A recent study researched by veterinarians at the University of Melbourne has found that the consumption of raw chicken meat increases the risk of dogs developing a paralysing condition called acute polyradiculoneuritis (APN). Read the article on the Melbourne Uni website…
The study found that the bacterial results in the affected and control dog populations were consistent with the hypothesis that the uncooked chicken meat was the source of Campylobacter and as a result, triggered APN.
Campylobacteriosis is a common gastrointestinal disease in people and dogs caused by bacteria called Campylobacter. In people in Australia, Campylobacter is one of the most common causes of bacterial gastroenteritis and is frequently associated with eating contaminated poultry.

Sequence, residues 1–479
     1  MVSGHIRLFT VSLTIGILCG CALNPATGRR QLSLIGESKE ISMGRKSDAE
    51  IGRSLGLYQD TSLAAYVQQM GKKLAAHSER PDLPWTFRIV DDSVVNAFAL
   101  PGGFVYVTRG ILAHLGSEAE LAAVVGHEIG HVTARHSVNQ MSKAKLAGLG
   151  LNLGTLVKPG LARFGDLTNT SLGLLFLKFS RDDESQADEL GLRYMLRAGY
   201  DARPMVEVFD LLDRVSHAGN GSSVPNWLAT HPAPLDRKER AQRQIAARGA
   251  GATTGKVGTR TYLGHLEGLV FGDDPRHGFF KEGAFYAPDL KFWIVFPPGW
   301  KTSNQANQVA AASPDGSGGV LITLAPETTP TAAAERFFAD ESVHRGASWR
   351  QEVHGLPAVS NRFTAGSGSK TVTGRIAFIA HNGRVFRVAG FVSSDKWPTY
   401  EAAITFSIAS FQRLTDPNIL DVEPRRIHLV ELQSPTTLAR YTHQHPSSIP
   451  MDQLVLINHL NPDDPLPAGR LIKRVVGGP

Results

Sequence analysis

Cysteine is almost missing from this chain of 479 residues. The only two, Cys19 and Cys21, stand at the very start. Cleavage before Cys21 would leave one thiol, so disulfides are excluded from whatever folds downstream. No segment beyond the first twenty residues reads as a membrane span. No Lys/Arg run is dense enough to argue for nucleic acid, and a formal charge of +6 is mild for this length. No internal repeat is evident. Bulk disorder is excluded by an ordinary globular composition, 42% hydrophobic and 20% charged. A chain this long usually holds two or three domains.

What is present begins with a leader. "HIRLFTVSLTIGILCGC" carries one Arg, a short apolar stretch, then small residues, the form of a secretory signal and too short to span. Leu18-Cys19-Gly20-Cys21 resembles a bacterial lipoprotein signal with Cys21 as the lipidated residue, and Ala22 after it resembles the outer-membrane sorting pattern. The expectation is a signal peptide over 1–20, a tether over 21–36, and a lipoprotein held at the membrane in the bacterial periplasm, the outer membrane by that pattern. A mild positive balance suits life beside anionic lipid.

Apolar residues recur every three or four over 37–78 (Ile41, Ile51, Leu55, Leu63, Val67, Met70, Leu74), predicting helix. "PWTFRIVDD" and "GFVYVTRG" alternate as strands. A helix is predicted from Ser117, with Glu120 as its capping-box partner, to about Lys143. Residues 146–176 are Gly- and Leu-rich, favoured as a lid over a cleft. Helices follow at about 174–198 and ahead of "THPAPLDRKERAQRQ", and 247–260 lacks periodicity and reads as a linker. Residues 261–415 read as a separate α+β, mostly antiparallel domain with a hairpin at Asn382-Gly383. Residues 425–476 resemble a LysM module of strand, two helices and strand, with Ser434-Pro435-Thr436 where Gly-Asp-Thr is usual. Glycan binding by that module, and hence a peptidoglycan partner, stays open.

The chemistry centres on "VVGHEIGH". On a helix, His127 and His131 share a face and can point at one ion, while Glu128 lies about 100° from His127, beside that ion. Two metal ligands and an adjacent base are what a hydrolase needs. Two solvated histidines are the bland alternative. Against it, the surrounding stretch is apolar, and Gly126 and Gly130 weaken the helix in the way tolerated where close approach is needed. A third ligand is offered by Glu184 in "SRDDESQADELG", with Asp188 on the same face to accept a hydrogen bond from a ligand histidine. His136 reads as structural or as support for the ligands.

Freezing inactivates the bacteria but doesn’t kill it, just renders it inactive while frozen. When thawed it will still harbour the same harmful bacteria. Freezing for long times at cold temperatures has been shown to reduce the campylobacter by up to 90%.
Cooking the meat to the recommended temperature is the only way to ensure that the meat is free from bacteria.
In the article published in the Journal of Veterinary Internal Medicine in Jan 2018, the author declared that there is no conflict of interest. In other words pet food companies have not sponsored this study. The Journal of Veterinary Internal Medicine is the official publication of the American and European Colleges of Veterinary Internal Medicine.
The article doesn’t say is that feeding raw chicken necks to dogs will cause paralysis in every case. All the article really says is that there has been a link demonstrated between raw feeding of chicken to dogs, and the development of APN.
Based on that results the authors recommend owners choose regular dog food rather than chicken necks until we know more about this debilitating condition.
Feeding of raw food to dogs is OK but owners should be aware of the link between raw chicken and paralysis.